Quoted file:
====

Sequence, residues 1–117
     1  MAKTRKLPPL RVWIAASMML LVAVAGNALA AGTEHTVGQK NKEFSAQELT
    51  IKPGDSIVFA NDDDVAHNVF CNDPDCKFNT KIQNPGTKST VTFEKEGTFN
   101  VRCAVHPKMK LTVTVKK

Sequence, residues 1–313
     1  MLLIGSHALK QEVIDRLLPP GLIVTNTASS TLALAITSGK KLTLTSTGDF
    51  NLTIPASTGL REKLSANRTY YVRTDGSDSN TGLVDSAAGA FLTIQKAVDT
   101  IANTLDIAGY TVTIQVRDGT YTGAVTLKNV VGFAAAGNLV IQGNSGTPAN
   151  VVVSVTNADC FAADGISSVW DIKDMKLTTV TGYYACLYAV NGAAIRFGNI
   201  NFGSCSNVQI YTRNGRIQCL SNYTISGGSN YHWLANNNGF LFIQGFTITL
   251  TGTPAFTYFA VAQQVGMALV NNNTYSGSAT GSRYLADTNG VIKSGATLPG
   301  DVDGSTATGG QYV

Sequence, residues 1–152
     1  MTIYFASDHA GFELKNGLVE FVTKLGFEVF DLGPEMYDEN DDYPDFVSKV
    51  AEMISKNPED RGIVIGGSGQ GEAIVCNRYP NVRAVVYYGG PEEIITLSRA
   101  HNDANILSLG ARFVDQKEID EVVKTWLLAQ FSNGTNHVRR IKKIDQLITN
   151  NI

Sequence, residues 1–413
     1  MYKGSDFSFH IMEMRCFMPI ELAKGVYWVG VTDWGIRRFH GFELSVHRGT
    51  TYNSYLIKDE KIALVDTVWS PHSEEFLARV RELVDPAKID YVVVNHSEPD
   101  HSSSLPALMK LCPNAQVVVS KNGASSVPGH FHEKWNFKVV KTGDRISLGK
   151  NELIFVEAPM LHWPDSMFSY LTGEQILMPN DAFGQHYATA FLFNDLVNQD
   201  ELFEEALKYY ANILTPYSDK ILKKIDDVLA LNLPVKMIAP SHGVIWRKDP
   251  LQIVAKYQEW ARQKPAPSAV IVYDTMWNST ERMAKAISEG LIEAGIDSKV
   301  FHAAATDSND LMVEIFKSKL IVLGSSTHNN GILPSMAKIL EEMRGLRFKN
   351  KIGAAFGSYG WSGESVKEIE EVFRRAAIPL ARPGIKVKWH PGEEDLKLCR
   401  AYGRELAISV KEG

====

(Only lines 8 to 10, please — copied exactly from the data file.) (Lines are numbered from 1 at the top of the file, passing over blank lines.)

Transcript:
   101  IANTLDIAGY TVTIQVRDGT YTGAVTLKNV VGFAAAGNLV IQGNSGTPAN
   151  VVVSVTNADC FAADGISSVW DIKDMKLTTV TGYYACLYAV NGAAIRFGNI
   201  NFGSCSNVQI YTRNGRIQCL SNYTISGGSN YHWLANNNGF LFIQGFTITL